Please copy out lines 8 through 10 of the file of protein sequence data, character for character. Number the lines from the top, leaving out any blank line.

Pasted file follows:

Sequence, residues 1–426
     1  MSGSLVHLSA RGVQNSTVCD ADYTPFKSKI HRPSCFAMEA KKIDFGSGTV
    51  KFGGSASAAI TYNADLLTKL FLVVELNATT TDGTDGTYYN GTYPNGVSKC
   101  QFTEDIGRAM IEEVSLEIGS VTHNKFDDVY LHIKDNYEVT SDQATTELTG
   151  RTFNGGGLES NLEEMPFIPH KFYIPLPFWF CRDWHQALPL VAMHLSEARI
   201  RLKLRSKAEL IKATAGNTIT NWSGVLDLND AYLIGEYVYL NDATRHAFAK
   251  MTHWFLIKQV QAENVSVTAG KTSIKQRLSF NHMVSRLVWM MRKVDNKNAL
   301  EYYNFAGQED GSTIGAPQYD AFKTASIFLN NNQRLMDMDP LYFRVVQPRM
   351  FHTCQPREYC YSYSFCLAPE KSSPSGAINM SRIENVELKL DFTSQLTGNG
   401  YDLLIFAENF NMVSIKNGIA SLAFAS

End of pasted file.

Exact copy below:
   301  EYYNFAGQED GSTIGAPQYD AFKTASIFLN NNQRLMDMDP LYFRVVQPRM
   351  FHTCQPREYC YSYSFCLAPE KSSPSGAINM SRIENVELKL DFTSQLTGNG
   401  YDLLIFAENF NMVSIKNGIA SLAFAS